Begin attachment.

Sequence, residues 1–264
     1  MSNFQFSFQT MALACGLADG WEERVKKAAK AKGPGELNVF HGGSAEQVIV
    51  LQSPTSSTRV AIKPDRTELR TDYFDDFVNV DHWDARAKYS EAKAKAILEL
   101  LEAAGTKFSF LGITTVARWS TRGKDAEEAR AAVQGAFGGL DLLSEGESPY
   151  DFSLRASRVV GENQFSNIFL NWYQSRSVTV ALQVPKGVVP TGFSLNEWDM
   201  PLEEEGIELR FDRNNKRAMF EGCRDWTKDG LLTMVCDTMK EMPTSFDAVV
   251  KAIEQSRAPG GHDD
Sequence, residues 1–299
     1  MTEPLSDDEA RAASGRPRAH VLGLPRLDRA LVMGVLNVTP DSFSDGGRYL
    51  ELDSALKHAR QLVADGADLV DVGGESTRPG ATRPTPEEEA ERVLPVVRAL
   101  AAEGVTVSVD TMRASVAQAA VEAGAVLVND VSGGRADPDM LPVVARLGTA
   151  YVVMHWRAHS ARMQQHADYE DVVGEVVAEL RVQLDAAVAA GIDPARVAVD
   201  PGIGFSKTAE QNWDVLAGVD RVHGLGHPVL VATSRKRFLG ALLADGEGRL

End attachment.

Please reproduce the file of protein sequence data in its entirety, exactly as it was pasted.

Sequence, residues 1–264
     1  MSNFQFSFQT MALACGLADG WEERVKKAAK AKGPGELNVF HGGSAEQVIV
    51  LQSPTSSTRV AIKPDRTELR TDYFDDFVNV DHWDARAKYS EAKAKAILEL
   101  LEAAGTKFSF LGITTVARWS TRGKDAEEAR AAVQGAFGGL DLLSEGESPY
   151  DFSLRASRVV GENQFSNIFL NWYQSRSVTV ALQVPKGVVP TGFSLNEWDM
   201  PLEEEGIELR FDRNNKRAMF EGCRDWTKDG LLTMVCDTMK EMPTSFDAVV
   251  KAIEQSRAPG GHDD
Sequence, residues 1–299
     1  MTEPLSDDEA RAASGRPRAH VLGLPRLDRA LVMGVLNVTP DSFSDGGRYL
    51  ELDSALKHAR QLVADGADLV DVGGESTRPG ATRPTPEEEA ERVLPVVRAL
   101  AAEGVTVSVD TMRASVAQAA VEAGAVLVND VSGGRADPDM LPVVARLGTA
   151  YVVMHWRAHS ARMQQHADYE DVVGEVVAEL RVQLDAAVAA GIDPARVAVD
   201  PGIGFSKTAE QNWDVLAGVD RVHGLGHPVL VATSRKRFLG ALLADGEGRL